Eye for 'primitive' beauty

The Tribals of India
December 5, 2003

In his introduction to the first edition of this collection of photographs of tribals in various parts of India, published ten years ago, the photographer Sunil Janah perceptively delineated his approach: "I went to the tribal villages because I came to love these people, and felt happy and relaxed among them. I adored the simplicity of 'primitive' societies. I loved the exciting visual stimulus of the costumes and the natural beauty of the people, which was such a joy to photograph. I lived among them as an untrained observer, having none of the technical qualifications of an anthropologist. I have not collected statistics or folklore or samples of their crafts. Nor have I recorded their music or measured their skulls. It is painful to find them swallowed up and assimilated by a narrow, rather repellent and over-zealous form of Indian nationalism, unable to fulfil Nehru's ideal of 'unity in diversity'."

Certainly, The Tribals of India , despite its publisher, is in no sense an academic work: it covers only a small proportion of India's tribals (chiefly in West Bengal and Orissa, northeastern India and Rajasthan) and contains only a handful of references to professional anthropologists, and no bibliography, footnotes or index. On the other hand, it is hardly a book for the coffee table: all the photographs are in black and white (if printed better than in the first edition), glamorous angles and lighting are eschewed, the design is sober and Janah's text is modest and understated.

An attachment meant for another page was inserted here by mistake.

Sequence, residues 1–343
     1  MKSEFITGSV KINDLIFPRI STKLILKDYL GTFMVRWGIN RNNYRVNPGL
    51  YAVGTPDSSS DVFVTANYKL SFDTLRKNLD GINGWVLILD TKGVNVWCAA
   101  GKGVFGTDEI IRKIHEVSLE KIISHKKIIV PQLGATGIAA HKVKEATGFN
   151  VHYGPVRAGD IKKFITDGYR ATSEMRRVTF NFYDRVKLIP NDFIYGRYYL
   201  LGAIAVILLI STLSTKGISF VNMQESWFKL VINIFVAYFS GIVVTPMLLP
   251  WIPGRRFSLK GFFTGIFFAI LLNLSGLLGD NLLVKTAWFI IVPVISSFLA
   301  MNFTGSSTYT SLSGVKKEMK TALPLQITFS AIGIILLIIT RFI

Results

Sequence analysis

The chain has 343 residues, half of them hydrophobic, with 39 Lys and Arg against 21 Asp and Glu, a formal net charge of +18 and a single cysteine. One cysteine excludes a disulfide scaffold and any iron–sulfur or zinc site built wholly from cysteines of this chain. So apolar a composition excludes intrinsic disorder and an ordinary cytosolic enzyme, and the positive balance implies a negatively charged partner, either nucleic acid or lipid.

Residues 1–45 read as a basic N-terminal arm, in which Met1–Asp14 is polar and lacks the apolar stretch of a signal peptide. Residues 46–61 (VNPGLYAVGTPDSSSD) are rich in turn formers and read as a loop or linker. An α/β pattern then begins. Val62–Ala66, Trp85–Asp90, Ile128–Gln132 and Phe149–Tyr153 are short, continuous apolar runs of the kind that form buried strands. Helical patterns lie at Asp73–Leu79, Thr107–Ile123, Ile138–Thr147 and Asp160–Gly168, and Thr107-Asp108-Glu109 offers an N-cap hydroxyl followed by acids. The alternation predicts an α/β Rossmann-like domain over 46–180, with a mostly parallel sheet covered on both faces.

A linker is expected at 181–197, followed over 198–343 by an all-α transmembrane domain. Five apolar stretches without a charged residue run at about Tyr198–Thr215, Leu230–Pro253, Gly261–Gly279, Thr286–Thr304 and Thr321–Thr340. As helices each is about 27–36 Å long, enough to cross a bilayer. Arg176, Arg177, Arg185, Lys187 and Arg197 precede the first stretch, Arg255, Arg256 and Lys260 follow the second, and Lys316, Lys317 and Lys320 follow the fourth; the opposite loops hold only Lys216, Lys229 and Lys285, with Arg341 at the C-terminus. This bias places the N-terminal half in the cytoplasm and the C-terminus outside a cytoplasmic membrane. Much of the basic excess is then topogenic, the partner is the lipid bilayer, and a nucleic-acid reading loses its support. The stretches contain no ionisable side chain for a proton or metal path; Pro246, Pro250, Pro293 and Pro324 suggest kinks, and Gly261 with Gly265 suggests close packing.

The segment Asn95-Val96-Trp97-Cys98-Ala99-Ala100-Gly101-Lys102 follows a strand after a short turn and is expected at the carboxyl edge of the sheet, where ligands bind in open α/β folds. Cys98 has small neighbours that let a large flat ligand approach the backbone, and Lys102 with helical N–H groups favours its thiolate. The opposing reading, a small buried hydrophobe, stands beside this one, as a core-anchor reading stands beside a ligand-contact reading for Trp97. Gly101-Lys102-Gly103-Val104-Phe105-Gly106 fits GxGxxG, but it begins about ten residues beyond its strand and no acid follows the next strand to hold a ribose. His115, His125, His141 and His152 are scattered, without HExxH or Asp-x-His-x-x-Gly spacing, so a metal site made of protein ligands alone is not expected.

Perhaps it is best described as a sort of visual journal of the author's travels, between 1943 and 1972, through a fast-vanishing tribal world.

Indeed, the text is based to a great extent on Bengali magazine articles of the 1960s derived from Janah's diaries, and he often describes, with considerable charm, his personal reactions to the people he met and the challenges he faced to reach and live in what were then remote areas.

The majority of the photographs are of individuals and groups of people, either as portraits or while involved in their daily activities, including festivals and ceremonies. A significant number of valuable images have been added in the new edition. They fully express Janah's affection for his subjects - especially young half-clothed women. The preponderance and prominence of bare breasts got him into trouble with Indian puritans from the beginning, and the eroticism is still a source of mild controversy. But as Janah remarks in a slightly defensive preface commenting on the Indian reaction to the first edition: "A young woman's body is beautiful and the appeal is largely sensual - that is how nature meant it to be... I do not know whether I should feel flattered or denigrated if the photographs I had taken of these simple primitive women without any make-up or lighting aids are considered 'seductive and titillating' by one reviewer."

Such charges of "exploitation" against Janah - who has made little money out of his work - are absurd and typically philistine. But does he in this book to some extent betray his talent as an artist? His other non-tribal photographs prove that he is a major Indian photojournalist, notably of the Bengal famine of 1943 and India's freedom movement, whereas his tribal photographs are neither entirely satisfactory as anthropological documentation (at least as presented in this small selection), nor are they as imaginatively composed and spontaneous as expected in portrait photography.

Nevertheless, in a field that is not crowded with serious photographic books, The Tribals of India is delightful and often thought provoking. All libraries specialising in Indian culture or anthropology should possess it.

Andrew Robinson is literary editor, The THES .

The Tribals of India: Through the Lens of Sunil Janah

Author - Sunil Janah
Publisher - Oxford University Press
Pages - 197
Price - £80.00
ISBN - 0 19 5661 3

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